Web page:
“[Our work] is the first preparation of nanoparticles that uses the principles of Green Chemistry,” said researcher Scott Wallen. “This approach provides a simple, robust means of producing nanoparticles that could be transferred to biological systems, used as water-soluble pharmaceuticals and, potentially, as in situ sensor materials.”

Wallen and colleagues employed water as an environmentally benign solvent. For the reducing agent they used β-D-glucose rather than potentially harmful chemicals such as hydrazine, sodium borohydride and dimethyl formamide (DMF). β-D-glucose acts as a mild, renewable, cheap and non-toxic reducing agent under gentle heating conditions.

Finally, for the capping material to protect the nanoparticle surfaces and prevent the particles from aggregating, the scientists chose a starch solution. They believe the great number of hydroxyl groups in starch can help the complexation of silver ions. Starch is also renewable, soluble in water and binds to the nanoparticles relatively weakly so that the protection should be easily reversible at higher temperatures.

Heating these reactants together with a solution of silver nitrate to 40 °C for 20 hours produced silver nanoparticles with sizes predominantly below 10 nm. The scientists reckon that the nanoparticles grew through reduction of silver ions inside the nanoscopic starch templates, with the starch’s hydroxyl groups acting as passivation contacts for the stabilization of the nanoparticles. Wallen says the particles have so far been stable for more than 10 months and show no signs of precipitation.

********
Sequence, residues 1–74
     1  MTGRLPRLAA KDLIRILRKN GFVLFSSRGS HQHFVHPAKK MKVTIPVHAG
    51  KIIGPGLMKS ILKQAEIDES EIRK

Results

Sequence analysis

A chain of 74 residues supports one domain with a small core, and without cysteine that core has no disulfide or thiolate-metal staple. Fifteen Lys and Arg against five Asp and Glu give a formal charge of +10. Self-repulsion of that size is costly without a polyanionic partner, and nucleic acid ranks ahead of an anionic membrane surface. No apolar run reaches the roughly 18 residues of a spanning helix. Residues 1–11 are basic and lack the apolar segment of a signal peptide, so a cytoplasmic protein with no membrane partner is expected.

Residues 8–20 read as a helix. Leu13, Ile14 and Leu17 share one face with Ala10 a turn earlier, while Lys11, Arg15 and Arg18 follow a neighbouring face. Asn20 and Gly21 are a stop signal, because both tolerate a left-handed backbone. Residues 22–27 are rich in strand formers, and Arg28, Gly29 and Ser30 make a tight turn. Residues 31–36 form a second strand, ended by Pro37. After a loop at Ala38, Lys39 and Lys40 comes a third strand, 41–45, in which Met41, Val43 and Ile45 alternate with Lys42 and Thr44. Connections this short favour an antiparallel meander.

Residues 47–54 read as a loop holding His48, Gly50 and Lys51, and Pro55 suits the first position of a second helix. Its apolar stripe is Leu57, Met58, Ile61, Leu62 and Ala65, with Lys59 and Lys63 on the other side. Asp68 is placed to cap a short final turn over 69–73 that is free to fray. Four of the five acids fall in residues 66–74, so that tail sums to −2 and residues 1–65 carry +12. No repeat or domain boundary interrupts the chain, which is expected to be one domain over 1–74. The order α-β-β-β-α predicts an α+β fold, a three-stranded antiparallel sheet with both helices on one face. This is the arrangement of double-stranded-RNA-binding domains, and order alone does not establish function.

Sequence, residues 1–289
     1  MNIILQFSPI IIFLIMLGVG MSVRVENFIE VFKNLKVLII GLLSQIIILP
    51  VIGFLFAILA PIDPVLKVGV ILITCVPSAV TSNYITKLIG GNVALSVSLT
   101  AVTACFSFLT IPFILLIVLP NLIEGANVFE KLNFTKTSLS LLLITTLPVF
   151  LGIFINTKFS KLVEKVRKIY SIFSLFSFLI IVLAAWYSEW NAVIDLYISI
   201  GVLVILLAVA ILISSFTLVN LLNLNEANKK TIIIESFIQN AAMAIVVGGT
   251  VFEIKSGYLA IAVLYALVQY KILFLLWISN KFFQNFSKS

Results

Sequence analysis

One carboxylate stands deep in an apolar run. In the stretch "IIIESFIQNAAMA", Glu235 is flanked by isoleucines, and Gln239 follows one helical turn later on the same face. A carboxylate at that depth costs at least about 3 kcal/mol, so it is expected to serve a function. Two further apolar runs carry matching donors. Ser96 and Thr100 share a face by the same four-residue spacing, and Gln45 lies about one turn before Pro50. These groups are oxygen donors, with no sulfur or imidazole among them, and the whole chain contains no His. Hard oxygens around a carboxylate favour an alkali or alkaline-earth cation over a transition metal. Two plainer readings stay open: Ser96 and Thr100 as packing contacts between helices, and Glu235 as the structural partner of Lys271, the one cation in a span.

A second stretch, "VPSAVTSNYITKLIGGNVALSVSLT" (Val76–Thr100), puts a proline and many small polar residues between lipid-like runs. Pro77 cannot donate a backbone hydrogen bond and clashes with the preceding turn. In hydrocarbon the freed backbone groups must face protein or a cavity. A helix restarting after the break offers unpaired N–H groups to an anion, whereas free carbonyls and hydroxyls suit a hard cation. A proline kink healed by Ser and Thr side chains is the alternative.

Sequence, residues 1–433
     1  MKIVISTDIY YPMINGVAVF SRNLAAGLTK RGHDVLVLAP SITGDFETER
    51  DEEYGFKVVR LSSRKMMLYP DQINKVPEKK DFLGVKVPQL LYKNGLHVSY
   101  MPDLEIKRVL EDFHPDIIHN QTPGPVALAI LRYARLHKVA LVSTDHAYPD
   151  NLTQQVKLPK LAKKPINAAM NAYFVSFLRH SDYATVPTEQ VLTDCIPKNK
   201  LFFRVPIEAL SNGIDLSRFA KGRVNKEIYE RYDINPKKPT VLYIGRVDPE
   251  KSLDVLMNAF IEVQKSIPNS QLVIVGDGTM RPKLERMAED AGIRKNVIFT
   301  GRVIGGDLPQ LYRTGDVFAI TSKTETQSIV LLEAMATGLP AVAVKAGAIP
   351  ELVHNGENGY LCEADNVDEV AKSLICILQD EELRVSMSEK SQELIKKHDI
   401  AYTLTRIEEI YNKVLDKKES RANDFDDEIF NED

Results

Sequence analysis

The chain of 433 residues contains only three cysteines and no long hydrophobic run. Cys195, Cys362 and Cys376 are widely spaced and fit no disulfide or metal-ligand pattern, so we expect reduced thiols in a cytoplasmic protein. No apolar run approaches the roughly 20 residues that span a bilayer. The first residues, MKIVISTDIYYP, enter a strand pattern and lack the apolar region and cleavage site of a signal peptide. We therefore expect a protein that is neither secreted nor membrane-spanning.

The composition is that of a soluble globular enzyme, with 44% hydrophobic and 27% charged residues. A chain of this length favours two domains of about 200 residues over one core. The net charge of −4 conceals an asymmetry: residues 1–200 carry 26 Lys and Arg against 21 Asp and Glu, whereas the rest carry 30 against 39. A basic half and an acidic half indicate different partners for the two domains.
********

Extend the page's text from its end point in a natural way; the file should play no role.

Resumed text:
The nanoparticles were comparable in size and polydispersity to those produced using typical methods. The scientists believe it may be possible to control particle size and polydispersity better by choosing different reducing and protecting carbohydrates, as well as by changing the reaction conditions.

“The group’s current focus is to understand the mechanism of the starch stabilization using spectroscopy, and investigate control of the particle sizes and the particle size distribution, as well as the incorporation of the particles into real biological systems,” said Wallen.

The researchers reported their work in the Journal of the American Chemical Society.